## Friday, April 10, 2015

### The one line you should add to every makefile

If you're using GNU make and you need help debugging a makefile then there's a single line your should add. And it's so useful that you should add it to every makefile you create.

It's:

print-%: ; @echo $*=$($*) It allows you to quickly get the value of any makefile variable. For example, suppose you want to know the value of a variable called SOURCE_FILES. You'd just type: make print-SOURCE_FILES If you are using GNU make 3.82 or above it's not even necessary to modify the makefile itself. Just do make --eval="print-%: ; @echo$*=$($*)" print-SOURCE_FILES

to get the value of SOURCE_FILES. It 'adds' the line above to the makefile by evaluating it. The --eval parameter is a handy way of adding to an existing makefile without modifying it.

### How that works

The line

print-%: ; @echo $*=$($*) defines a pattern-rule that matches any target in the form print-% (the % is the wildcard character). So when you run make print-SOURCE_FILES that rule will execute and the % will match SOURCE_FILES. The command executed by print-% is @echo$*=$($*). Here I've used a semicolon to separate the target name and the recipe (commands to be executed). That makes this into a one-liner. In more traditional make syntax (where a tab is used to introduce the recipe) that would be written.

print-%:
@echo $*=$($*) Using semicolon makes this easy to copy and paste. The automatic variable$* matches the % in print-% (so when executing print-SOURCE_FILES, $* will be SOURCE_FILES). So$* contains the name of the variable that we want to print out.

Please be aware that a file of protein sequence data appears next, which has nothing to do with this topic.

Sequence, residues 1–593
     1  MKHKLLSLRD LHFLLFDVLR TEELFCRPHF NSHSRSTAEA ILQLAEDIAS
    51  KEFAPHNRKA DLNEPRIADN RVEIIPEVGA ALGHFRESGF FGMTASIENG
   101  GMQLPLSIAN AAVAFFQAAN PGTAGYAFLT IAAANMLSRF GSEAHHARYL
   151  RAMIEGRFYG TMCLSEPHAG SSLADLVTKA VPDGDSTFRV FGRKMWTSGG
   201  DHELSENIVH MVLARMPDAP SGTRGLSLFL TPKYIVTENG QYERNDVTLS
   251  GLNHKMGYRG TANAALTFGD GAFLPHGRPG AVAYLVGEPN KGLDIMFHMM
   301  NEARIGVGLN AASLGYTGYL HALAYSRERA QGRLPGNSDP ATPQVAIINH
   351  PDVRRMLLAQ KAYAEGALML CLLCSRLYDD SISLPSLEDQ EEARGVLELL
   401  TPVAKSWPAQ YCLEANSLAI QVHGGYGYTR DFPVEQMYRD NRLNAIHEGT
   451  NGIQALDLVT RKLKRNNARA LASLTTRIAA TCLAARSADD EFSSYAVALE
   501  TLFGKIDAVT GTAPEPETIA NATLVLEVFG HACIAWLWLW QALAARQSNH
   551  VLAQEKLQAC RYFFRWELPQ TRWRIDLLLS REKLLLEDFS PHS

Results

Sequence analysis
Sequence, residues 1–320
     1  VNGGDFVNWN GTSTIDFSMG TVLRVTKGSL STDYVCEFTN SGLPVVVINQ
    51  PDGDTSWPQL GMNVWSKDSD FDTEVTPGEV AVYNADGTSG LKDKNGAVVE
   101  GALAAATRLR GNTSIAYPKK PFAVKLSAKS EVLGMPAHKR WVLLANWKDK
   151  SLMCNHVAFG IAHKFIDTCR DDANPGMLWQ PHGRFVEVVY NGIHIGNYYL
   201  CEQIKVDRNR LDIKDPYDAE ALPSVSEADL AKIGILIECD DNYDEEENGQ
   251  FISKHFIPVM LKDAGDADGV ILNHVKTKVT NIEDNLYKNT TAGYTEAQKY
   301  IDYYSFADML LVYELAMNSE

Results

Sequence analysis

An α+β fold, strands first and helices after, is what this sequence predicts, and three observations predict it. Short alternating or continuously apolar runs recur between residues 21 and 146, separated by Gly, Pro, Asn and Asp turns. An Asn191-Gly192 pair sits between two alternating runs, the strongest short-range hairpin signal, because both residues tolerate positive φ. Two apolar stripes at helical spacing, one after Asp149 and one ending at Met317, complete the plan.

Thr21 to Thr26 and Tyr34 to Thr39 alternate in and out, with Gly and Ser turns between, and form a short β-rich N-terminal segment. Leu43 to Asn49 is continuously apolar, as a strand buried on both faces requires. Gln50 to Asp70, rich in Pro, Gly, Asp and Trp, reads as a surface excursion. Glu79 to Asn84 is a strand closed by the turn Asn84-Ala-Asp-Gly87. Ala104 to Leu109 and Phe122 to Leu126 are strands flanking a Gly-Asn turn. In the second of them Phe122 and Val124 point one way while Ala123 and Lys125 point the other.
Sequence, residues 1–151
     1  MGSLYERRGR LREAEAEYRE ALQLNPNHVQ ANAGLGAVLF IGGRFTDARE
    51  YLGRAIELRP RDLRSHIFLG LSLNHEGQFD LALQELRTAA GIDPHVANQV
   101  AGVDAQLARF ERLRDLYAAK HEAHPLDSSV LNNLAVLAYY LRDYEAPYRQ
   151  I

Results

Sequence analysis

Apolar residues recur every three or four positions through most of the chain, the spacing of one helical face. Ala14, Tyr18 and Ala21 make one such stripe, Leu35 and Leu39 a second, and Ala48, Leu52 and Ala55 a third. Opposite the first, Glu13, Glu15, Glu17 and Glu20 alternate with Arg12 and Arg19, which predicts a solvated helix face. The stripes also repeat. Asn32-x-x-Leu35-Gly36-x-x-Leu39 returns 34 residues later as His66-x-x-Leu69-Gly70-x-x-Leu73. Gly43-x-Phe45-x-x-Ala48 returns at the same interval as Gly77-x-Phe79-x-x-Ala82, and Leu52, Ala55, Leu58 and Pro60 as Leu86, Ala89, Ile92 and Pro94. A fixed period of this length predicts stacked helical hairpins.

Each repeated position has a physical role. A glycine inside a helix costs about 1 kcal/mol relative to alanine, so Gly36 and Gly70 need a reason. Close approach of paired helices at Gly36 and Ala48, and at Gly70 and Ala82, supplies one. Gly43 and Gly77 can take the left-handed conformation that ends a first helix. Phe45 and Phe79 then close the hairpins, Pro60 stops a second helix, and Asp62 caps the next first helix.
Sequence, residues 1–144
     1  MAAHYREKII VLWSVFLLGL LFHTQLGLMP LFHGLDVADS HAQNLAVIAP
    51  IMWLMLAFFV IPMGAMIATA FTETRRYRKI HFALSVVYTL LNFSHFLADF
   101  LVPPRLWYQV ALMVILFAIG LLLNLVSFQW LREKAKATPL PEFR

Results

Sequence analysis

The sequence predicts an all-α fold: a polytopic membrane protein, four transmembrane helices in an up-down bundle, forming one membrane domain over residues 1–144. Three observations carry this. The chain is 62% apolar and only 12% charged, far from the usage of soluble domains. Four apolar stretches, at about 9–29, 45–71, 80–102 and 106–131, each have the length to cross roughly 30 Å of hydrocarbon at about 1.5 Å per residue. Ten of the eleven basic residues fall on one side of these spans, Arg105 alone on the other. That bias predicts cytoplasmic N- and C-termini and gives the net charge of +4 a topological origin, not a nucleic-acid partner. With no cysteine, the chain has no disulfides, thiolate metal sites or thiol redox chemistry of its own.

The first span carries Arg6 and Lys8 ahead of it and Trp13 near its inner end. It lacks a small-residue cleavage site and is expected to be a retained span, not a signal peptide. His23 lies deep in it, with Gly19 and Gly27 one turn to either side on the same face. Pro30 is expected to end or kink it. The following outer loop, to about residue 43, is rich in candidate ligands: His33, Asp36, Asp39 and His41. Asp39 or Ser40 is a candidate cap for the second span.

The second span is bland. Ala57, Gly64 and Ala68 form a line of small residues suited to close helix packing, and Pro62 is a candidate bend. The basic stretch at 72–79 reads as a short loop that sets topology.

The $($*) uses gets the value of a variable whose name is stored in $*. For example,$* might expand to SOURCE_FILES and then GNU make would get the value of $(SOURCE_FILES). Getting a variable by storing its name in another variable turns out to be a useful technique in many makefiles. ### More? If that sort of thing interests you, you might enjoy my book: The GNU Make Book. If you enjoyed this blog post, you might enjoy my travel book for people interested in science and technology: The Geek Atlas. Signed copies of The Geek Atlas are available. #### 7 Comments: simont said... A small refinement, to avoid trouble if the value of the variable you're printing includes shell metacharacters: print-%: ; @echo '$(subst ','\'',$*=$($*))' The echoed string is now enclosed in single quotes, and every single quote appearing in the string has been replaced with the sequence '\'' which gets you a literal single quote. 2:50 PM D. Ongs said... If you're using BSD make, you can just use 'make -V SOURCE_FILES'. 3:07 PM Rainer Müller said... You can avoid editing the Makefile to add the rule with GNU make 3.81 or older, which does not support --eval. Create a new file in your home named ~/Makefile.debug with the contents: print-%: ; @echo$*=$($*)
include Makefile

Now you can use it the following way from any source directory:

$make -f ~/Makefile.debug print-SOURCE_FILES 3:25 PM Andrei Neculau said... added to my snippet collection https://github.com/andreineculau/util.mk 6:40 PM daniel said... It is sometimes also useful to know about the origin and flavor of the var: print-%: @echo '$(subst ','\'',$*=$($*)) (origin:$(origin $*), flavor:$(flavor $*))' 8:42 PM WallSt Prog said... I've been using this trick for years, with the following enhancements: # rule to print info about make variables, works only with make 3.81 and above # see http://blog.melski.net/2010/11/30/makefile-hacks-print-the-value-of-any-variable/ # for more info # to use invoke make with a target of print-VARNAME, e.g., # make print-CCFLAGS print-%: @echo '$*=$($*)'
@echo ' origin = $(origin$*)'
@echo ' flavor = $(flavor$*)'
@echo ' value = $(value$*)'

8:44 PM
Michael Le Barbier Grünewald said...

Users of bmake just say bmake -V VARIABLE and have the option to see the actual value of the variable before expansion, or the expanded value.

5:45 PM